Apple Inc. faces ethics allegations

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Technology giant Apple Inc. recently come under fire for ethical issues related to working conditions in its China-based factories, according to “The New York Times.”

The allegations come on the cusp of the U.S. Air Force’s announcement that they will possibly make a large purchase of iPads (up to 18,000) directly from the company.

Apple, famous for quick production rates and relatively cheap prices of its popular iPhone and iPod series, out sources the assembly of these devices to factories in China.

However, recent
attempted suicides from workers have put the company under a microscope, as protests assemble and outcry from human rights group continue to grow.

According to Business Week, the possible iPad purchase by the Air Force would make stronger connections between Apple and the American government.

“The New York Times” claims that factory workers, particularly in the Foxconn Technology Group factories that are a main contractor with Apple, are forced to live in crowded dorm rooms and work on their feet so long that their legs swell.

According to Fox News, workers at Foxconn only make $1.78 an hour.

The factory installed nets around its buildings to discourage employees from jumping to their deaths after the previous suicides of iPhone factory workers.

Change, however, might be unlikely – Apple has received criticism for focusing more on the quality and efficiency of their products than on the human factor behind them, but it is this quality and efficiency that keeps the price of Apple electronics down and popular among its consumer base.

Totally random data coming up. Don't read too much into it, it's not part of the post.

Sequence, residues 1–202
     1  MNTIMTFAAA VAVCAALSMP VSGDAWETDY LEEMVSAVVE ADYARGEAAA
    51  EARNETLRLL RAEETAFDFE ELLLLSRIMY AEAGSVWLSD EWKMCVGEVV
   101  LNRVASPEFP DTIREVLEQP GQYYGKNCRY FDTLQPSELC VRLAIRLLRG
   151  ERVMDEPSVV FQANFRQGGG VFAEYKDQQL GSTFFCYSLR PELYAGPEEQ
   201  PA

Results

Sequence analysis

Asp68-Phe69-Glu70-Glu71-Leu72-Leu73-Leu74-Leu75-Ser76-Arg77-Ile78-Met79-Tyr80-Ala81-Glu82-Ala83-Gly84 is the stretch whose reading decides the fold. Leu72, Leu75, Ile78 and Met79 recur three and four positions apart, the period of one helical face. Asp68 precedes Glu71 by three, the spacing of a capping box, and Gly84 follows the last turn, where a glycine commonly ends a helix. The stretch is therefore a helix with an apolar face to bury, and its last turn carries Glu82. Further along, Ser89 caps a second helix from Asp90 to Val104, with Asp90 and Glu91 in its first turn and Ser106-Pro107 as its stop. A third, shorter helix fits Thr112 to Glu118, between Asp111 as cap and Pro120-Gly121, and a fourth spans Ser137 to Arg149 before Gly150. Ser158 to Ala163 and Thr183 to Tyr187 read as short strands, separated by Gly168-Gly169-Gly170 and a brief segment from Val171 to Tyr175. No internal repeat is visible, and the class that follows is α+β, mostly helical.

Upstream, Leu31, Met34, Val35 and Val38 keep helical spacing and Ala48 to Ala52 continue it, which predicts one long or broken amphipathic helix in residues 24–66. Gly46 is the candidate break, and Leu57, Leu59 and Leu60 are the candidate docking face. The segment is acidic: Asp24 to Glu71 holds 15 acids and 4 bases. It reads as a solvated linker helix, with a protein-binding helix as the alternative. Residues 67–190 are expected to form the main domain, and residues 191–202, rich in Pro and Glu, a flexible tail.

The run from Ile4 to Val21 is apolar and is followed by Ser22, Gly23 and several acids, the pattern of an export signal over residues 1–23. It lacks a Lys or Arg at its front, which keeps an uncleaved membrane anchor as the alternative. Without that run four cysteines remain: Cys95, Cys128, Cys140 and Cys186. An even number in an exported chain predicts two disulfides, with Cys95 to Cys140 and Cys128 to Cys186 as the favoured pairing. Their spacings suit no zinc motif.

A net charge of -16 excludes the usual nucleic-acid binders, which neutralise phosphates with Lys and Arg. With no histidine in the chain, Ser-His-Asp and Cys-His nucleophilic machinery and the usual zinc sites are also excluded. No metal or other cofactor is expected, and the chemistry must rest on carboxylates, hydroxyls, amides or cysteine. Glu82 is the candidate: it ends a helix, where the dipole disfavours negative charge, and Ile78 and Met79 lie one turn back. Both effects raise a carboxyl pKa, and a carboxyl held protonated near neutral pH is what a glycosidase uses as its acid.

According to CNN, protesters were present at a half-dozen Apple stores in February.

On Feb. 21, ABC Nightline aired an exclusive special on the conditions at Foxconn after the factory agreed to open its doors for the station.

However, consumers who also wish to boycott Apple products due to this might find few alternatives for their technology needs. The factories that produce Apple’s iPhones also produce other electronics, like Samsung tablets, Amazon’s Kindle Fire, and HP and Toshiba laptops.

Foxconn, the factory that has come under the most criticism for its treatment of workers, claims their employees receive salary rates and health benefits unavailable to most factory workers in China.

Their suicide rates are also significantly less than in other parts of China.

Recently, factories contracted with Apple started many services to help workers cope with their jobs, including counseling services and other stress- relieving activities.

In a statement released to CNN, Apple said, “We care about every worker in our worldwide supply chain. We insist that our suppliers provide safe working conditions, treat workers with dignity and respect, and use environmentally responsible manufacturing processes wherever Apple products are made. Our suppliers must live up to these requirements if they want to keep doing business with Apple.”

Although technology ethics are nothing new, Apple in particular has recently come under pressure for the failings of their production lines, and it remains to be seen how much of a change will be enacted and whether it will affect the successes of the future Apple products.

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